(c)purpose dance: at last we get around to what this gathering was about. It often takes this long for the Masks to become established here and ready to start dancing up the energy that will empower the purpose of the event: to raise the spell or spin the dancers into ecstasy.
3.A return to the personal: Mask relaxes out of the tension of the communal phase.
(a)winding down: a slow dance, a letting-go dance: releasing energy but not Mask identity yet.
(b)the return: separation of Mask, mask and human: usually a quiet time alone, even within a company: farewells.
(c)silence: even after the mask has been removed, the human may well spend a little while in silence. Separation after a strong Mask is emotional and the dancer's need for reflection and personal recovery should be respected. Don't rush in to offer lots of comfort. Wait and see if they need it.
Depending upon the situation, these stages may run into one another or one may last only a moment or two. If you are planning, do not try to set definite time limits on these and ring a bell when it is time to change. Once a person becomes a Mask, remember that you now need to deal with the Mask's view of what should be happening and precisely structured plans can dissolve in a moment. This is as likely to happen in a formal ceremony as in a more freeform shamanic dance: Masks may well discard carefully composed speeches and patterns of movement in favour of an imposing silence and the power of their presence ... Masks usually know what they need to do and may well know better than us how to do this to achieve their ends.
In encouraging you to develop your own mask work, two final points about patterns need to be made:
1.Somewhere among all those sequences above, there often comes a slump, a moment when the Mask stops, saying to itself "Why am I doing this? I think this is over now?". After many years of work, I still find this moment catching me unawares: it is not about experience or confidence, it is simply a mental pause. It can work as an escape-point and I can take my mask off and walk away here, but usually it serves more as a few moments to catch up with myself. I find that I have stopped and am standing, or sitting, breathing quite quietly, listening to the music outside the stillness inside and then we, mask and myself, set off again, renewed as Mask and the work proceeds more strongly from there. Again, this is something to be aware of - musicians and other non-Masks should watch for the moment and if no "ending signal" is given, keep going.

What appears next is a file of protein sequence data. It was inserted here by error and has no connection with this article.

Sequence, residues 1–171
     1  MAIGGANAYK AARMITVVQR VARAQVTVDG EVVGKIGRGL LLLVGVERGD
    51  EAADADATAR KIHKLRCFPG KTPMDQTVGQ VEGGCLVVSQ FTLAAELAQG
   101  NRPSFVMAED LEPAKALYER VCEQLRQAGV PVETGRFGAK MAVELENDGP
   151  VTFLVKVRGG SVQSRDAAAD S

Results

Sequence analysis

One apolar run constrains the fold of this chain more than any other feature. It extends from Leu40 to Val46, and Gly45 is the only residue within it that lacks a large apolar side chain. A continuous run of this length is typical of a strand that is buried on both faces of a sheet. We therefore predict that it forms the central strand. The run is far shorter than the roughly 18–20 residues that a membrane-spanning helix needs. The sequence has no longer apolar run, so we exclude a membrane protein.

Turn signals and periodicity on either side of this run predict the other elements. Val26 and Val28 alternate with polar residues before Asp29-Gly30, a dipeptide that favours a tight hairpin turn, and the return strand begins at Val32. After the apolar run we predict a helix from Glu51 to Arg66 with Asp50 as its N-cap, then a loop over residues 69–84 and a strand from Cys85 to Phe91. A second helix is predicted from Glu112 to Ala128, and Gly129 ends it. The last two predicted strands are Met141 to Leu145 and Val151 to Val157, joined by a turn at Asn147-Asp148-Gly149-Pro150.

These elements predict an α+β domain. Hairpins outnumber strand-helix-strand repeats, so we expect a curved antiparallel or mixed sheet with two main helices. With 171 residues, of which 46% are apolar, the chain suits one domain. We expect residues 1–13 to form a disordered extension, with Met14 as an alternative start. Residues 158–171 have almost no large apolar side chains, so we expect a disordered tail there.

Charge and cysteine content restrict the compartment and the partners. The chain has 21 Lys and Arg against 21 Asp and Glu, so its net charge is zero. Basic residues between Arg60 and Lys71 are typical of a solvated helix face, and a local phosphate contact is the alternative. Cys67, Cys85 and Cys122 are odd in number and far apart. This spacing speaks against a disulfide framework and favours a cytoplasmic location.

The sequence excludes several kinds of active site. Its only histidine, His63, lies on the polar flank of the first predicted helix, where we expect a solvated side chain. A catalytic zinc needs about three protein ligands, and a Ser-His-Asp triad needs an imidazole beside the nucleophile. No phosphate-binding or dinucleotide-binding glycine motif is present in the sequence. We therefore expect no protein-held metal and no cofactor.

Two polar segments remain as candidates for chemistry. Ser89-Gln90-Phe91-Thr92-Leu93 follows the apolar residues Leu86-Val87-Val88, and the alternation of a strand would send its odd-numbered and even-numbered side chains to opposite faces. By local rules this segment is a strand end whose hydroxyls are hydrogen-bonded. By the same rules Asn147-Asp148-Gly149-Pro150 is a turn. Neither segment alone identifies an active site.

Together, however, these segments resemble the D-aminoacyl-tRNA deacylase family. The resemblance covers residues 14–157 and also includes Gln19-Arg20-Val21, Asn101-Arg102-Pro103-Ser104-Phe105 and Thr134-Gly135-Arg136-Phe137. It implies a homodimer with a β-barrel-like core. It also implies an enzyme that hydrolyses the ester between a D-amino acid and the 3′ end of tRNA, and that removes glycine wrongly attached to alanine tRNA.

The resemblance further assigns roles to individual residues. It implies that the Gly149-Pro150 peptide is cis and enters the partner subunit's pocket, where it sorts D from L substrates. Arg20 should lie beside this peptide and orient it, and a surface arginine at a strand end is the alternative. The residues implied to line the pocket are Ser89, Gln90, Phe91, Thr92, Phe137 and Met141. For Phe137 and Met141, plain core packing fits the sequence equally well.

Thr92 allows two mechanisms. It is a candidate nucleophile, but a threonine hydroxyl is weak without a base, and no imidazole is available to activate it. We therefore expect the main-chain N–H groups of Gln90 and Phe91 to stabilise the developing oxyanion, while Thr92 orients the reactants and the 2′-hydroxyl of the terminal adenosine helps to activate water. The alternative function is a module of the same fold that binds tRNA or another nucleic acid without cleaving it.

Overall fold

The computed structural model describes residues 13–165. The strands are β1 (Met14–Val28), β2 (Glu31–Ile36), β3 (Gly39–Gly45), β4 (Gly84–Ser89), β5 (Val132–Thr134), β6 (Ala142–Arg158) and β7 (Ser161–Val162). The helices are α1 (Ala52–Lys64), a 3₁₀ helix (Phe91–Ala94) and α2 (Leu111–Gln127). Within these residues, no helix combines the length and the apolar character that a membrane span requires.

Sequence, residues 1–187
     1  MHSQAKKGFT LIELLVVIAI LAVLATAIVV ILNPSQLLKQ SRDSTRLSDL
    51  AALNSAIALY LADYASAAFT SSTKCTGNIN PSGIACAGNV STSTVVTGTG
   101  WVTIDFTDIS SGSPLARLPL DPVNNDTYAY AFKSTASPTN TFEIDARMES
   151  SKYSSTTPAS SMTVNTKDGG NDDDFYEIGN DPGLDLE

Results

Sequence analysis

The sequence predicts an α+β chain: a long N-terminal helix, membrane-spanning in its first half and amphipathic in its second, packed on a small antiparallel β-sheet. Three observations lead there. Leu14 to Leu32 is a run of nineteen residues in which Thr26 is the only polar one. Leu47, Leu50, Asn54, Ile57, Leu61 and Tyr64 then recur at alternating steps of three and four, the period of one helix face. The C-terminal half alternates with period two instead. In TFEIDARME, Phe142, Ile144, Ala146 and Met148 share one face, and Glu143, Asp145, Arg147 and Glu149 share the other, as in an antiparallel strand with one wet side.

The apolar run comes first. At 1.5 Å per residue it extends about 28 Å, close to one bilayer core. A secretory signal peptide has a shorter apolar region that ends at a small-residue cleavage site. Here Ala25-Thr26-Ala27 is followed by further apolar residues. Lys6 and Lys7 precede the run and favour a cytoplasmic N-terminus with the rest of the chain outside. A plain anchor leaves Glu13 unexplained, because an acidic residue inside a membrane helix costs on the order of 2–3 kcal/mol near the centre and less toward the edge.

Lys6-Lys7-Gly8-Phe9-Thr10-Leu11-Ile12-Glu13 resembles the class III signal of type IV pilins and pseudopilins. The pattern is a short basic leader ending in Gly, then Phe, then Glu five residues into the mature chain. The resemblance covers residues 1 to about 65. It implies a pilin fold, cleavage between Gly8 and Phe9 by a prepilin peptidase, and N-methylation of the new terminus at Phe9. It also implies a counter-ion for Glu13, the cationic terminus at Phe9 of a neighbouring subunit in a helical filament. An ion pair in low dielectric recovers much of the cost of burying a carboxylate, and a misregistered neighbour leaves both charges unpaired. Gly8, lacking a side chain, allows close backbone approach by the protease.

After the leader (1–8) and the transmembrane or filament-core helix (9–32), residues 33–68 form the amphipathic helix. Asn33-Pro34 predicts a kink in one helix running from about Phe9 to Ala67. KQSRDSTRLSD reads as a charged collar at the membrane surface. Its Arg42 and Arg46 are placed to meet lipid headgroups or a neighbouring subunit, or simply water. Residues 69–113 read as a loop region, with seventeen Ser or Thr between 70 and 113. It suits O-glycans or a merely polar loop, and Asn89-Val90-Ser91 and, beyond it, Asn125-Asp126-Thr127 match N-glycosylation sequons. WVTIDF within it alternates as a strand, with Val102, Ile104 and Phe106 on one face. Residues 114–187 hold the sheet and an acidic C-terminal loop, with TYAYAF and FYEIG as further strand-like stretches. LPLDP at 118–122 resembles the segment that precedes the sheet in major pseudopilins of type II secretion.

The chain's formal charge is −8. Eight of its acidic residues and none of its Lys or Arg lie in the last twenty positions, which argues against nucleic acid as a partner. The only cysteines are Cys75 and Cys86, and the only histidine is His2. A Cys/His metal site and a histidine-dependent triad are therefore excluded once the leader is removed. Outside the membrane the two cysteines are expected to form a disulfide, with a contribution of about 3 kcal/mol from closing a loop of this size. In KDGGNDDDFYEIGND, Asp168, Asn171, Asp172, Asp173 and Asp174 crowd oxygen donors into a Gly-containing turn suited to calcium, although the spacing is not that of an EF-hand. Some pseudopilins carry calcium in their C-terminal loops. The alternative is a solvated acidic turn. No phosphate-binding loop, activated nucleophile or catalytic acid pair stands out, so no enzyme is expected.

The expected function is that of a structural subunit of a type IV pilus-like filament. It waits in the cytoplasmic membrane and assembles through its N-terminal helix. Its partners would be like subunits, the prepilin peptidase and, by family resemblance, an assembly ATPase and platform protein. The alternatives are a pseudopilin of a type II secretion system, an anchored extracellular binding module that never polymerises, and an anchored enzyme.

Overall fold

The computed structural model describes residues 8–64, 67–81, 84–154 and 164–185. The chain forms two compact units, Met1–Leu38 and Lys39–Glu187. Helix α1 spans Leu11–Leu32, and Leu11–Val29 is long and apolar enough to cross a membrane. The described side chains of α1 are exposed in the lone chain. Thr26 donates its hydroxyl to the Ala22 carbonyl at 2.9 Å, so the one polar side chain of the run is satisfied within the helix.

2.In groups and especially with numbers of new Masks, a "Master of Ceremonies" is a vital role. This person should be an experienced mask-worker, or a trusted group member, who can watch the event, guide musicians, call a halt, and, if need be, gently provide comfort and support at the end. Beforehand, the extent of the MC's authority needs to be established and his right to tell a Mask to stop made clear. If the MC stands apart as Masks are in "space dance" or "people dance", she will usually be encountered and possibly acknowledged by emerging Masks and that authority confirmed.
Oh, mask, Mask, dance and ceremony are powerful occasions and I could ramble on indefinitely about them. So instead, I shall stop here. This article set out to either offer a beginning or a moment of new ideas for you: masks are a challenge and a delight. It is up to you to find a way of bringing them into your work. The may "tempt you and tease you, test you, challenge you and inspire you." They will leave you richer for their presence.
1.As a mercenary old amphibian, I would recommend you to my books Talking to the Earth (1995) and Sacred Animals (1997) which both contain chapters on making and using masks.
2.This classification of masks and accompanying quotes are based on Native American ideas from: Wyatt, Gary: Spirit Faces, Thames & Hudson, 1994, a book to be enthusiastically recommended.
3.You might have a look at an interesting new book by Jones and Clifton: Sacred Mask, Sacred Dance, Llewellyn, 1997.
4.For the sake of promoting confusion, mask = the physical object, while Mask = the composite identity that is composed of mask + wearer + mask-spirit.
5.Try Sacred Animals again.
6.As (2) above.
7.This and and comments on Nyau dancers from personal experience.